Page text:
Blepharisma japonicum, a free-living ciliated protozoan, singe cell organism. Credit: Frank Fox

Researchers report on finding a unique organism, a eukaryotic organism that completely lacks mitochondria.

Traditionally, it was thought that the are no eukaryotes that lack mitochondria.


Eukaryotes are organisms with cells that have a nucleus, and should, therefore, be dependent on mitochondria, which are often called cell power plant. Eukaryotes organisms include animals, plants, and fungi.

Mitochondria are small organelles that cells use to produce energy. They are believed to once having been separate organisms that once merged via symbiogenesis. Probably the descendants of bacteria that lived in mutualism symbiosis within the cell then settled down inside primordial eukaryotic cells and eventually becoming the power plants for their new hosts.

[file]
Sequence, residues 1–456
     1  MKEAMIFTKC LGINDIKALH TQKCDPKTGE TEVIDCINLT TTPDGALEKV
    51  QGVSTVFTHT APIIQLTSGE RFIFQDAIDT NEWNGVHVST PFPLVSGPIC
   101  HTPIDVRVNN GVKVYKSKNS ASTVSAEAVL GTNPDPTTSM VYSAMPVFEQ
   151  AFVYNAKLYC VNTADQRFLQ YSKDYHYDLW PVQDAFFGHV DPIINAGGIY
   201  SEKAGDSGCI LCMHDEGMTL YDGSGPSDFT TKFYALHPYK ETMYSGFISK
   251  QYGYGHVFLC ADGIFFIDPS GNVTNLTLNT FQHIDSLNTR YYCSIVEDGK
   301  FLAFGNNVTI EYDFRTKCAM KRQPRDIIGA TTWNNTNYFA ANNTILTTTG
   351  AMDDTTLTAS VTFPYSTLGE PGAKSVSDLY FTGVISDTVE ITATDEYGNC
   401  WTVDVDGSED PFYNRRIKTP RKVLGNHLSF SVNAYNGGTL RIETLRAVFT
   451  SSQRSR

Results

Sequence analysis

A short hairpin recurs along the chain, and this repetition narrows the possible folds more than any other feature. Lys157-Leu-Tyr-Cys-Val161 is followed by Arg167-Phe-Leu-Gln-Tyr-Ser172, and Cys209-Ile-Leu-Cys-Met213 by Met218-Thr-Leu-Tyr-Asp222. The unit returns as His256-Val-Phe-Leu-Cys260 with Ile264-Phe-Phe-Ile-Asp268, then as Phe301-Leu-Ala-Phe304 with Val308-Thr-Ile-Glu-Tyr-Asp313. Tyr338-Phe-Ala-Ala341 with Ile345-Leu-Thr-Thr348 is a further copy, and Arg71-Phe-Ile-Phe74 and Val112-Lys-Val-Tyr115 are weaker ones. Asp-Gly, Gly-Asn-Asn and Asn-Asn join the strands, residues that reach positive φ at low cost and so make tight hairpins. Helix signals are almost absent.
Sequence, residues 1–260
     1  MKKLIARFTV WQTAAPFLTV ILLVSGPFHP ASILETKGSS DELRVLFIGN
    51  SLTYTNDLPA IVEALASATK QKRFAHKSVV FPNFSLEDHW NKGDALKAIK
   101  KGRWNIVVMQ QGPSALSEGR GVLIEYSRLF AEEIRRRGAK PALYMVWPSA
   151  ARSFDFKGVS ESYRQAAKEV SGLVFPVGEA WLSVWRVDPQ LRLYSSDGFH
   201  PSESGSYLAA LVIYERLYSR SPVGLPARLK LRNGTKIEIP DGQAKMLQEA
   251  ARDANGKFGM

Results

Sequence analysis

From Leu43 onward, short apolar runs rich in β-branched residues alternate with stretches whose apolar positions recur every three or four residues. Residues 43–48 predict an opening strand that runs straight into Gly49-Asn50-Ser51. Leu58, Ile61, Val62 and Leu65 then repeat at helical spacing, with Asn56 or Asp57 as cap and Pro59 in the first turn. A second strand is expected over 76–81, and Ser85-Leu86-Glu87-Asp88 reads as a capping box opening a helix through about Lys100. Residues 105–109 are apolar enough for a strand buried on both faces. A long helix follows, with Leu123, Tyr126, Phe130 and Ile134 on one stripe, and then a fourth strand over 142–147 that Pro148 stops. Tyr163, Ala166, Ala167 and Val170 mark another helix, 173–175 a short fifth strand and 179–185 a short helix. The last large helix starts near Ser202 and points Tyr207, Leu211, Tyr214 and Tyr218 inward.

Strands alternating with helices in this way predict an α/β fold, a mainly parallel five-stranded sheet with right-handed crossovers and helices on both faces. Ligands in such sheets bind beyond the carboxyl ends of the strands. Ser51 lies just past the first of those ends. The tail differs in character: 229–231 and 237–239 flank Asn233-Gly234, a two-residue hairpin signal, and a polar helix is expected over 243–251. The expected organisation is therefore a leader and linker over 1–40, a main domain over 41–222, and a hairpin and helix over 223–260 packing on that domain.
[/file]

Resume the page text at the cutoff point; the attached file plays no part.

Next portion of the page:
Now a team of Czech researchers believes they have found what was believed to be nonexistent and a precursor to what probably existed before symbiogenesis took place. Evolutionary biologist Anna Karnkowska, a postdoc, and her adviser, Vladimir Hampl, of Charles University in Prague, examined a species in the genus Monocercomonoides.

When the researchers sequenced Monocercomonoides’s genome, they found no signs of mitochondrial genes (the organelles carry their own DNA). Digging deeper, they determined that it lacks all of the key proteins that enable mitochondria to function.

Monocercomonoides may not need mitochondria because of where it lives—in the intestines of chinchilla hosts, which it doesn’t appear to harm. Nutrients are abundant there, but oxygen, which mitochondria require to produce energy, is scarce. Instead of relying on mitochondria, the organism likely uses enzymes in its cytoplasm to break down food and furnish energy, the authors suggest.


The research is somewhat circumstantial evidence, yet, but if the findings does indeed prove to be accurate, it would but there are more questions that should be answered before I’m convinced.

Reference: Anna Karnkowska et al, 2016. A eukaryote without a Mitochondrial Organelle. Current Biology. DOI: 10.1016 / j.cub.2016.03.053